Directories in Linux are folders that contain files and other directories. They are organized in a hierarchical structure, starting from the root directory (/) that contains all other directories and files. In this tutorial, we will cover handling directories in Linux and explain how to create, rename, delete, and move through directories.
Handling directories in Linux – Absolute and Relative Paths
When traversing directories in Linux, there are two ways to type a file or directory path, an absolute path and relative path.
An absolute path is the specific location irrespective of the current working directory or combined paths and are written with reference to the root directory, starting with a forward slash /. Example of using absolute path, “cd /usr/bin”
A relative path is the path relative to the current working directory using period and double periods, indicating current and parent directories. Example of using a relative path when the current working directory is /usr/, “cd bin”
Both types will take you to the same place but take different steps and criterias to do so, when you handling directories in Linux.
How to Create a Directory
To create a directory, we will use the mkdir command to do so. Follow the steps below to proceed.
1. To create a directory in Linux, you can use the mkdir command followed by the name of the directory, as shown below.
The command will create a directory in the root directory (/) called “Net_Growth_21”.
mkdir /Net_Growth_21 which will create a directory in / with that name.
2. Creating a directory in a different directory, the full path can be given with the command.
mkdir /guide/Net_Growth_21 which will create the directory in a directory, /guide/, as shown below.
To navigate through directories, we will be using the following commands, pwd, ls, and cd.
1. The pwd command will print the working directory which you are currently working in.
2. The ls command will list all items in the directory you are currently working in.
Another good option with ls is ls -lh which will present the items size and in a list form.
3. The cd command is used to move through directories.
- Using cd . will navigate to the current directory as the period (.) is used to represent the current directory.
- Using cd .. will navigate one directory above the current directory.
- Using cd ~ will take you to the home directory of the currently logged user. Two examples are listed below for root and psuissa users.
How to Move a Directory in Linux
If you’re trying to move a directory in Linux from one location to another, just follow these 4 steps:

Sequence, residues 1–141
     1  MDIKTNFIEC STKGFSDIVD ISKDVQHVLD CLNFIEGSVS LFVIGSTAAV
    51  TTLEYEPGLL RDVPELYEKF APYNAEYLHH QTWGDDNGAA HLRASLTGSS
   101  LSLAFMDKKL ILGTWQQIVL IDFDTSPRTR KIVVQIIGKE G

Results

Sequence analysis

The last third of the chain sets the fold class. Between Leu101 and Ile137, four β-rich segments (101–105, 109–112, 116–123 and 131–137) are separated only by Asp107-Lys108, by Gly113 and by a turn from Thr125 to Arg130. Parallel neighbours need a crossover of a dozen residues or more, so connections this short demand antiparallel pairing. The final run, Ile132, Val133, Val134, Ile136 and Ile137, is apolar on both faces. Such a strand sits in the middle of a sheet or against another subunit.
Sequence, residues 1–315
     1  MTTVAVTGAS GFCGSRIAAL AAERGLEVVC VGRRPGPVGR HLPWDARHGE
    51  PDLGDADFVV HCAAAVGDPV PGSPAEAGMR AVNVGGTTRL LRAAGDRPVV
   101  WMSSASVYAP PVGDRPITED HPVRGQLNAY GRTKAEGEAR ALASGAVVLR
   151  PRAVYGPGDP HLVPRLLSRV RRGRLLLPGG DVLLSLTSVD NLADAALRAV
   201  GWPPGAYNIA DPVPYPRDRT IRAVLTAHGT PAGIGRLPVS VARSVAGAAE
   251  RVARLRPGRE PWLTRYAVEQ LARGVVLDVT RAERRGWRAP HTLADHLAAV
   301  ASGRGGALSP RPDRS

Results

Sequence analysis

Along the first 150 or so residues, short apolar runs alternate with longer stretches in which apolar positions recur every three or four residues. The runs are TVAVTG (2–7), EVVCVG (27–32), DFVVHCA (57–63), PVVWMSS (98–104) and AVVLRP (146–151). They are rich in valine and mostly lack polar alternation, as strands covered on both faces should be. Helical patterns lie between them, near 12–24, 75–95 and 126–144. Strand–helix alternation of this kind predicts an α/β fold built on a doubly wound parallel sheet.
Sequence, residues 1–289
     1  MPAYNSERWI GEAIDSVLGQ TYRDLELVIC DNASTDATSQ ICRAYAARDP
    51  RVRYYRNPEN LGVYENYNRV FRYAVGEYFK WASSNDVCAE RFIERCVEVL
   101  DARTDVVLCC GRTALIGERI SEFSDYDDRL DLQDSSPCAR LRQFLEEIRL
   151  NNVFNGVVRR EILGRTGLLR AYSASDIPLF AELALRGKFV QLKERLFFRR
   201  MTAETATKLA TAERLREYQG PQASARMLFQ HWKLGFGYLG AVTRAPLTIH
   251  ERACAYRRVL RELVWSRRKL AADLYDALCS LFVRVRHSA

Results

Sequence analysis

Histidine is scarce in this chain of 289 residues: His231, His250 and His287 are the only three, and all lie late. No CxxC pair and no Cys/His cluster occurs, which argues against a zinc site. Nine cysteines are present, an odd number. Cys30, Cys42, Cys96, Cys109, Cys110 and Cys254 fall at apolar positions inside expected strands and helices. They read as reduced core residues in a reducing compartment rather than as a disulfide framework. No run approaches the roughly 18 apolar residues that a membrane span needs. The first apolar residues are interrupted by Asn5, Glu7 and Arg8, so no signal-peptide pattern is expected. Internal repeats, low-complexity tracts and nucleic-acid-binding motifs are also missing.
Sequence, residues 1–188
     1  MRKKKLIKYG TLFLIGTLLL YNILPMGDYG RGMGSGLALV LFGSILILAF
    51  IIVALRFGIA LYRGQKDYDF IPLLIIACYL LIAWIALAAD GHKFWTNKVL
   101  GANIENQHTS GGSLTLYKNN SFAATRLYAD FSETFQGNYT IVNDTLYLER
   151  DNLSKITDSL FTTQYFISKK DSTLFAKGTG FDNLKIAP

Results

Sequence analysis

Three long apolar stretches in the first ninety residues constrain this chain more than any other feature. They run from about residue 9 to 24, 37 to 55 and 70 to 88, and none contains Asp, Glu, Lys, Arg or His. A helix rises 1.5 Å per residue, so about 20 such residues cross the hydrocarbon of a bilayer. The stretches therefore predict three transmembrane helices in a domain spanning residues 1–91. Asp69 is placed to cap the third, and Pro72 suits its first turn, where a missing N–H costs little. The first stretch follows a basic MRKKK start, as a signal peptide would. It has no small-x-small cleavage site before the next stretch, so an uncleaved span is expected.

1. To move a directory in Linux, you can use the mv command followed by the source and destination directories, as shown below.
mv [source directory] [destination directory]
2. So, if you wanted to move /directory1 into a second directory name /directory2, you would use the following command:
mv /directory1 /directory2
Note: If no “/directory2” exists, /directory1 will be renamed as “/directory2”, essentially “moving” it into a newly created directory, otherwise, all content from /directory1 will move to /directory2.
3. This can also be done for multiple files and directories at once. Let’s say you have 3 files (File1, File2, and File3), and you’d like to move all them into /Directory1. Simply list out all your sources before your destination, and Linux will automatically move all these files at once.
mv file1.txt file2.txt file3.txt /home/directory1
4. Keep in mind that in order to move files and directories, a user must have permissions allowing them to modify both the source and destination directories. Otherwise, an error will occur and permission will be denied.
How to Copy a Directory in Linux
If you’re trying to make a copy of an existing directory, just follow these 4 steps:
1. To copy a directory or file in linux, just use the copy command followed by the Source (the directory you’re copying), and the Destination (the place you’re copying it to):
cp -R [Source] [Destination]
2. to make a copy of /directory1 and place it inside of /directory2, you would use the command:
cp -R /directory1 /directory2
*Note: If no “/directory2” exists, a new directory will be created, with that name, and containing the contents of /Directory1.
3. Like moving files, it is possible to copy multiple files into a single directory by listing out multiple filenames for sources, followed by a single destination. For example:
cp -R file1.txt file2.txt file3.txt /directory1
Which would copy file1, file2, and file3 into /directory1.
4. Additionally, if you wanted to copy the entire contents of /Directory1 into /Directory2 (duplicating the files inside the folder but not the folder itself), you can do so by adding ” /* ” after the source directory. For example:
cp – R /directory1/* /directory2
This would create copies of all the files located in /directory1, placing duplicates of its content into /directory2, but not duplicating the actual directory itself.
How to Rename a Directory in Linux
If you need to rename an existing directory in Linux to something new, just follow these 2 steps:
1. Interestingly, due to the way Linux’s file structures work, moving a file and renaming a file are actually the same action. This is because when you’re “moving” a file in Linux, you’re really “renaming” its file path: giving it a new name but also a new location in your system’s structure.
mv [Source Directory] [Destination Directory]
So, to rename /directory1 to /directory_new, you would use the command:
mv /directory1 /directory_new
If “/directory_new” already exists, then this command will move the contents of /directory1 to /directory_new. However, if “/directory_new” does NOT already exist, this command will rename /directory1 to /directory_new.